noun, plural hyp·no·ses [hip-noh-seez] /hɪpˈnoʊ siz/.
Origin of hypnosis
Related Words for hypnosiscoma, trance, slumber, opiate, inertness, lethargy, sleep, languor, anesthesia, swoon, stupefaction, torpor, insensibility, hebetude, amazement, inertia, bewilderment, numbness, dullness, apathy
Examples from the Web for hypnosis
Contemporary Examples of hypnosis
It was enough to feel, as one model came down the runway after another, a state of hypnosis coming on.Marc Jacobs' Spring Summer 2013 Show: Walk The Line
September 12, 2012
Historical Examples of hypnosis
He was unwilling to believe that he had been in hypnosis at all.
When he was in hypnosis, I reënforced the conditions for an opposite attitude.
This is so common that hypnosis has come to be known as a port of last call.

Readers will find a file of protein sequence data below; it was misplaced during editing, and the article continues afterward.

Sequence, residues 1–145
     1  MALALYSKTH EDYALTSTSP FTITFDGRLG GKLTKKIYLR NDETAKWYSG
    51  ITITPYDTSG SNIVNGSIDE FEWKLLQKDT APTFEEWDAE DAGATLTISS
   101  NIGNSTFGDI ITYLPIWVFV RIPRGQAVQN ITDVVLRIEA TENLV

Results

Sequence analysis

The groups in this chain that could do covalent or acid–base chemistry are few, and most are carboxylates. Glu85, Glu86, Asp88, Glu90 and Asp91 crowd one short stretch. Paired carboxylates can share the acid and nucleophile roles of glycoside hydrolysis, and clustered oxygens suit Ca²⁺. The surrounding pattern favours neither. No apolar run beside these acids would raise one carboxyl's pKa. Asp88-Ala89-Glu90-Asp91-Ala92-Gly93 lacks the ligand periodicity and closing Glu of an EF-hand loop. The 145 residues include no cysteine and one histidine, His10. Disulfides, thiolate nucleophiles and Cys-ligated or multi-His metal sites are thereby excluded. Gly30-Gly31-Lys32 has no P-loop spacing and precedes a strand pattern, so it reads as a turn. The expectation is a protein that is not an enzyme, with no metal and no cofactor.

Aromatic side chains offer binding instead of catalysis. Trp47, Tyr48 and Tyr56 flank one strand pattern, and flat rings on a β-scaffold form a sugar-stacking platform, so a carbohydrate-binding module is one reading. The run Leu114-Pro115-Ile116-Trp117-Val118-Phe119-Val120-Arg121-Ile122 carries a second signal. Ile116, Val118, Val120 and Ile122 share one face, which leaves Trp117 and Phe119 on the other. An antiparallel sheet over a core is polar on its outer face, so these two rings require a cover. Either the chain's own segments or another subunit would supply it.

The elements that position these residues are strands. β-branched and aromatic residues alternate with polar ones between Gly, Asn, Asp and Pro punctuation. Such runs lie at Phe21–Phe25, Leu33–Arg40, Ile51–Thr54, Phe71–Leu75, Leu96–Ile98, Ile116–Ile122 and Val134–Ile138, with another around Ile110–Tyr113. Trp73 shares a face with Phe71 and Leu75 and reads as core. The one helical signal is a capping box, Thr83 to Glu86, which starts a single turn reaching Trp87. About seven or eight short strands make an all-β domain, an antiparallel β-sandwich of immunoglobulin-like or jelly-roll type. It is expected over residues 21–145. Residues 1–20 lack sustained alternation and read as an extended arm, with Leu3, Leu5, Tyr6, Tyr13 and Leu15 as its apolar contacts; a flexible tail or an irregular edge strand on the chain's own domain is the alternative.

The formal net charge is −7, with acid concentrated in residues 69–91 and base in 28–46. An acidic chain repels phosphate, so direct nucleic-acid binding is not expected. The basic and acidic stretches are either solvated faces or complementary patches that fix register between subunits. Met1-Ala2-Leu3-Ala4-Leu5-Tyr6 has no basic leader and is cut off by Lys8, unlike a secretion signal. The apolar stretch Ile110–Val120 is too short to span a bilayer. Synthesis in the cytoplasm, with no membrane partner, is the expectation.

It is one of the difficulties that we encounter in hypnosis, and as yet it has not been resolved.
You may read a newspaper article warning about the "dangers" of hypnosis.
noun plural -ses (-siːz)
1869, "the coming on of sleep," coined (as an alternative to hypnotism) from Greek hypnos "sleep" (see somnolence) + -osis "condition." Of an artificially induced condition, from 1880.
n. pl. hyp•no•ses (-sēz)
Placing persons in a drowsy, sleeplike state in which they allegedly become vulnerable to the suggestions made by the hypnotist. Hypnosis may also be used to tap into the unconscious and is often characterized by vivid recall of memories and fantasies. These properties make hypnosis a useful tool in psychotherapy. Hypnosis also has sinister implications, for subjects may be manipulated to perform embarrassing actions or be susceptible to carrying out the hypnotist's commands after the hypnosis session (posthypnotic suggestion).